Communist Party chief laments political apathy among 'a segment' of young Vietnamese

By Vi Vu   December 11, 2017 | 02:51 pm GMT+7
Communist Party chief laments political apathy among 'a segment' of young Vietnamese
Nguyen Phu Trong, Vietnam's Communist Party chief, addresses the Ho Chi Minh Communist Youth Union's National Congress in Hanoi on Monday. Photo by VnExpress/Duong Trieu

'They have been manipulated by hostile forces to do things that run counter to the Party and the country’s direction.'

Vietnam’s top leader took the stage on Monday to address the fading interest in politics among the younger generation and call for increased efforts to protect them from “bad and hostile” forces on the internet.

Nguyen Phu Trong, General Secretary of the ruling Communist Party, said: “A segment of young people have lost trust in our revolutionary ideals.”

“They have been manipulated by hostile forces to do things that run counter to the Party and the country’s direction,” Trong said in a 20-minute televised speech at the National Congress of the Ho Chi Minh Communist Youth Union, the largest social-political organization for Vietnamese youth.

The event, which began Sunday in Hanoi with around 1,000 participants, is held every five years. It will conclude Wednesday.

He criticized the Youth Union for failing to keep track of changes in young people’s awareness.

He said that the union, as well as schools and families, need to make education about revolutionary ideals and politics an urgent and ongoing task in order to “evoke patriotism among young people and build confidence in the system.”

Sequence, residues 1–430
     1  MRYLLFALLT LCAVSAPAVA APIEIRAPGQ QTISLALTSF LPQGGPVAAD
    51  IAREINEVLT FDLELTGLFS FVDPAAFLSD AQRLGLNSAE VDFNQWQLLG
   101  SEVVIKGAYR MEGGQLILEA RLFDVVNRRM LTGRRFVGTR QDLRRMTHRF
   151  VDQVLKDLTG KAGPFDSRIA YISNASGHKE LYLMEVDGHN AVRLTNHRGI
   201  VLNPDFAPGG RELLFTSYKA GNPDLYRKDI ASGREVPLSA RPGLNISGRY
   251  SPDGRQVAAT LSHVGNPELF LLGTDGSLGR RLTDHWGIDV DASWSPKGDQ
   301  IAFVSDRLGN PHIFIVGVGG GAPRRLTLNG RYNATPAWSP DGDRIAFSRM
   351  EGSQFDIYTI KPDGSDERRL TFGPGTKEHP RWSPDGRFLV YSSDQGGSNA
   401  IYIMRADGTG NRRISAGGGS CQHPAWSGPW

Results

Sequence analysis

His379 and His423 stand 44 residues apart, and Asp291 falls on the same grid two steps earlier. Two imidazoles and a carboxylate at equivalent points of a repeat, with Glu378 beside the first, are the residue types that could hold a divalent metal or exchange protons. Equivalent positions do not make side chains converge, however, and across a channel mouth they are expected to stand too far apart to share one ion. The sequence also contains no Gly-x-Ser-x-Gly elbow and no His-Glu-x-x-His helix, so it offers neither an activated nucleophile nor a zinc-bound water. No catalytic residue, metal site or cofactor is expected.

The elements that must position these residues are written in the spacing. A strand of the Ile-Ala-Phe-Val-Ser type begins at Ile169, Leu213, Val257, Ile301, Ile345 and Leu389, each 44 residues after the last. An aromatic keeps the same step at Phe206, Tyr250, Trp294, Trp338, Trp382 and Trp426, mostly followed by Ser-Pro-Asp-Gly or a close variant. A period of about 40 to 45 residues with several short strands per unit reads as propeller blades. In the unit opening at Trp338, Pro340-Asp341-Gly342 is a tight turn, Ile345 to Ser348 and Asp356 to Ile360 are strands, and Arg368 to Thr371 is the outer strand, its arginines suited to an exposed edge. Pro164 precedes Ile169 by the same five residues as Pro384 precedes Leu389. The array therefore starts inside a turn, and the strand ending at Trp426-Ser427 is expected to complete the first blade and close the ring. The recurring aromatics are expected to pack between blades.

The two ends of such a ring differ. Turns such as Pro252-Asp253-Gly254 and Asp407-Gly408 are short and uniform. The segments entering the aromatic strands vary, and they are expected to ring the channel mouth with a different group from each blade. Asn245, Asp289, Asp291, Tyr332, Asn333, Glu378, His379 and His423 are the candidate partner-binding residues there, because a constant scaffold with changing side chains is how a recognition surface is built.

“We need to drastically fight wrong information, and boost young people’s immunity to the destruction and distortion spread by hostile forces, especially on social media,” he said.

communist-party-chief-laments-political-apathy-among-a-segment-of-young-vietnamese

Young people browse internet at a bus-stop in Hanoi. Communist Party chief Nguyen Phu Trong has called for increased efforts to protect Vietnamese youth from 'bad and hostile' forces on the internet. Photo by Reuters/Kham

More than half of Vietnamese people are online with active accounts on social media, some of which have been criticized multiple times by Vietnamese leaders for spreading toxic content.”

Vietnam has reached several agreements with Facebook and Google to limit such exposure to Vietnamese users. Communications officials have even expressed support for developing homegrown pages to replace Facebook, currently the most popular social network in Vietnam.

Trong has been spearheading a sweeping anti-corruption campaign that has ensnared a raft of business and political bigwigs, most prominently the former Politburo member Dinh La Thang, who was arrested last Friday for past wrongdoings at state energy giant PetroVietnam several years ago.

 
 
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